James Marcel Stinson

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His name may not share the familiarity of his Detroit techno peers, yet James Marcel Stinson anonymously produced some of the city's most celebrated recordings during the '90s as the primary member of…
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His name may not share the familiarity of his Detroit techno peers, yet James Marcel Stinson anonymously produced some of the city's most celebrated recordings during the '90s as the primary member of Drexciya. For nearly a decade, he quietly produced numerous recordings as a loose affiliate of the Underground Resistance collective and also as part of the Tresor roster before succumbing to a heart complication in late 2002 and passing away on September 3. Stinson never sought personal fame or glory despite the international recognition of his music, instead emphasizing the music itself and shrouding his identity in fantastic and subtle ideology that further accentuated the wondrous nature of his work and earned him incredible respect among those who knew him personally.

Born to parents James Allen Stinson and Helen Stinson on September 9, 1969, Stinson grew up on the east side of Detroit and graduated from Kettering High School in 1989. Like many Detroit techno artists from the '90s, Stinson took much inspiration from Juan Atkins' groundbreaking electro releases in the early to mid-'80s as Cybotron, and he also took substantial inspiration from the Electrifying Mojo, an eccentric radio DJ in Detroit known as much for his charisma as his genre-bending musical mix. In the early '90s Stinson began recording neo-electro tracks as Drexciya and became close with Mike Banks of Underground Resistance. At the time, electro hadn't yet undergone a revival; however, Stinson championed the style regardless and, in fact, encouraged Banks to do the same. Following the success of "Final Frontier," an electro track favored by Stinson that Banks had produced, Underground Resistance embraced the neo-electro sound and, in turn, released the first Drexciya EPs: Deep Sea Dweller (1993), Aquatic Invasion (1994), The Unknown Aquazone (1994), Bubble Metropolis (1994), Molecular Enhancement (1995), and The Return of Drexciya (1996). This flurry of releases sparked enormous interest in neo-electro, particularly within the Detroit scene, and Banks followed through with a double-LP collection of the Drexciya recordings on Underground Resistance, The Quest (1997). From here on, Stinson recorded primarily for Tresor, a renowned techno label in Berlin with strong ties to Detroit, resulting in two full-length albums: Neptune's Lair (1999) and Harnessed the Storm (2002).

During his incredible run as part of Drexciya, Stinson remained almost completely anonymous to his fans. None of the Drexciya releases listed any participants, and thus endless rumors circulated in e-mail chat rooms about the responsible party -- or parties. In fact, those in the know considered it downright blasphemous to reveal Stinson's identity. The producer never gave interviews nor did he revel in the praise showered upon his music, instead modestly working for his living as a truck driver and fathering seven children with his wife, Andrea Clementson Stinson. Nonetheless, he worked incredibly hard at music-making, laboring for many years in the basement of his mother's home whenever possible. Furthermore, he infused his music with a rich sense of ideology, most famously using aquatic motifs as an analogy for the historical African-American experience, which he portrayed as a voyage of sorts.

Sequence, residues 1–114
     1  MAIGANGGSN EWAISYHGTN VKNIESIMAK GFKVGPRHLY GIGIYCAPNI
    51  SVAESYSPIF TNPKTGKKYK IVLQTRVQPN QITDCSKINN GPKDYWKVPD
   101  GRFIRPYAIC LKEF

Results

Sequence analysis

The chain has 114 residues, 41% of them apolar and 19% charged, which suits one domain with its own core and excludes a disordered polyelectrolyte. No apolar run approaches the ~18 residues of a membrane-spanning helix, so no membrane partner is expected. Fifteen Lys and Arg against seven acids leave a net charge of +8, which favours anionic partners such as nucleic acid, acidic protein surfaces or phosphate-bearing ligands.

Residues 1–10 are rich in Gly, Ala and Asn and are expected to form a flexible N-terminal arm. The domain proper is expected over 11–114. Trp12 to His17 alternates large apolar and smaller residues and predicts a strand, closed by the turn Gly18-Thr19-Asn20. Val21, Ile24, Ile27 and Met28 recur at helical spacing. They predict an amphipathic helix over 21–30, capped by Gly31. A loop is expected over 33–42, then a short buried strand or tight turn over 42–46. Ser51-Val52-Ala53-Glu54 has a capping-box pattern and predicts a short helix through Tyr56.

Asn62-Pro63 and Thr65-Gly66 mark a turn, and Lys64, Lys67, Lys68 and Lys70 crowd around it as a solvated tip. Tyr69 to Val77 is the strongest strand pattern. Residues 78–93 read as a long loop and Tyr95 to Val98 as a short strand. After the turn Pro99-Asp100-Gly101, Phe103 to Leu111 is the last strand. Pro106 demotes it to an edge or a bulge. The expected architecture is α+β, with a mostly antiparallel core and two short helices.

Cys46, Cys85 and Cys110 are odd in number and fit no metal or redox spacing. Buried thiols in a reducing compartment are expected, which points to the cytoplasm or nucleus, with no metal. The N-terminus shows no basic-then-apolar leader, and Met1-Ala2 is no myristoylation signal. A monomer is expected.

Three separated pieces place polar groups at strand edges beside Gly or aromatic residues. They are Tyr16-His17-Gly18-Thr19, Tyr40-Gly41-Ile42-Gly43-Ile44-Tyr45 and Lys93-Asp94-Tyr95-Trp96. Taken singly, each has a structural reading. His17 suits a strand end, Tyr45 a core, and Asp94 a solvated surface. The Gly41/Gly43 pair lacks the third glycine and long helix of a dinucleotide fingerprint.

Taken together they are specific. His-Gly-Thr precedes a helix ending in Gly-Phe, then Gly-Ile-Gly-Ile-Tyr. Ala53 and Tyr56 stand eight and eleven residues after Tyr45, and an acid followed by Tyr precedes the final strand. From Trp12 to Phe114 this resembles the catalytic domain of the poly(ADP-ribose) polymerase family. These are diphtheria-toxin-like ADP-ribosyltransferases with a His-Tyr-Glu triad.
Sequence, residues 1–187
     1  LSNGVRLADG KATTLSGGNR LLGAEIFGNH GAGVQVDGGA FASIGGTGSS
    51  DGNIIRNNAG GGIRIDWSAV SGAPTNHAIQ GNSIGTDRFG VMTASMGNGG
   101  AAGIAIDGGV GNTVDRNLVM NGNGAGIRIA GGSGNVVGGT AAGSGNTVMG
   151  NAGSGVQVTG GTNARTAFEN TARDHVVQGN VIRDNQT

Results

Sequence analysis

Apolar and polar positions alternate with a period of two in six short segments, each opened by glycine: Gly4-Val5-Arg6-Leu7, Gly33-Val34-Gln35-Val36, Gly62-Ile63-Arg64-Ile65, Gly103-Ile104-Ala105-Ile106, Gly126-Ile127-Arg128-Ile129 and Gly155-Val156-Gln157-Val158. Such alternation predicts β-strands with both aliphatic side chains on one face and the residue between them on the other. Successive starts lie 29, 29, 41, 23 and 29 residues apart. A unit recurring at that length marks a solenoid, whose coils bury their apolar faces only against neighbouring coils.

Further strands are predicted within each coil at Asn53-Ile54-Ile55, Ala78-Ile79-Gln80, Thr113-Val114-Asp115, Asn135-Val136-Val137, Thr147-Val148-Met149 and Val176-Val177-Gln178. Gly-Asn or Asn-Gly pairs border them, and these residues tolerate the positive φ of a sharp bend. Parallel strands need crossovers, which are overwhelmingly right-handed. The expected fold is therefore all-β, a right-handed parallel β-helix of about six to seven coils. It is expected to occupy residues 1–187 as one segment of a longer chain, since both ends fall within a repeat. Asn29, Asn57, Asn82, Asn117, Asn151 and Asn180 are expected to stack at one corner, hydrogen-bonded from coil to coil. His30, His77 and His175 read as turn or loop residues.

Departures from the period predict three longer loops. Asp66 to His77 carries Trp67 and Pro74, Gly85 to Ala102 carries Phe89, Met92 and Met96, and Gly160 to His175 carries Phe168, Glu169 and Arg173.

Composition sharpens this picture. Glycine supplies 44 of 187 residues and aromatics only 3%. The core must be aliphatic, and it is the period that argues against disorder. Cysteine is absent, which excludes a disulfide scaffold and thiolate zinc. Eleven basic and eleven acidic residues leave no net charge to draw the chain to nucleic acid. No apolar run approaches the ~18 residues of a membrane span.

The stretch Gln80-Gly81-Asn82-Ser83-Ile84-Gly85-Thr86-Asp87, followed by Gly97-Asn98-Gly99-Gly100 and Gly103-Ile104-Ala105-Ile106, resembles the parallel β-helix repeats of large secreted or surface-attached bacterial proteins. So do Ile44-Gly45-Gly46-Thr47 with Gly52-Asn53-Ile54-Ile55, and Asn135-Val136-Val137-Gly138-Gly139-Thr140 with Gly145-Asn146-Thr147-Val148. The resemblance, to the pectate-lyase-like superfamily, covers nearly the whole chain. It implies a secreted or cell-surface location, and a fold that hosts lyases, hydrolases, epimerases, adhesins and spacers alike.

Sadly, Stinson's accomplished yet quiet career came to an end on September 3, 2002, when he died from a heart complication in Newnan, GA. Earlier that year, he had given a rare interview with Detroit Free Press writer Tim Pratt that the newspaper published posthumously. In the interview Stinson revealingly alludes to health issues as the reason for his move from Detroit to the Atlanta area but doesn't give specifics, mentioning all of this matter-of-factly with guarded subtlety. The interview itself centered on an ambitious series of projects Stinson had undertaken and wished to discuss, one of which was his then current release on Tresor, Harnessed the Storm, the others released later in the year as the Other People Place and Transllusion: "Harnessed the Storm is one in a series of seven individual storms, which are LPs. The albums are sent to different labels. Harnessed the Storm is one, Transllusion is two, and the Other People Place is three. Much like storms or tornadoes, you don't know where or when they're going to show up, but there's four more. They were all made within one year." Moreover, within the context of this lengthy interview, Stinson speaks frankly of his music and ideology, allowing his fans a rare opportunity to place his work within a more personal context.

On September 5 Tresor announced the 32-year-old artist's passing with a brief and fittingly cryptic e-mail sent via Rooftop Promotion: "James Marcel Stinson died the 3rd of September from a heart complication. The project Drexciya lost one of its masterminds; the (electronic) music world lost one of the most innovative musicians and more important, one of the greatest persons. While we suffer, his wife and children are suffering more from this tragic loss. He would have wanted it that his fans are informed. Please treat his memory with the same respect you would with any friend. We will miss him greatly." In memorial, the Detroit Free Press published Pratt's interview on September 13 with an accompanying retrospective written by Tamara Warren. In the context of the retrospective, collaborator and fellow producer Dennis Richardson describes Stinson as "ultra low-key": "You see him on the street, he's an everyday guy. You get him in the music studio, and he's a maestro."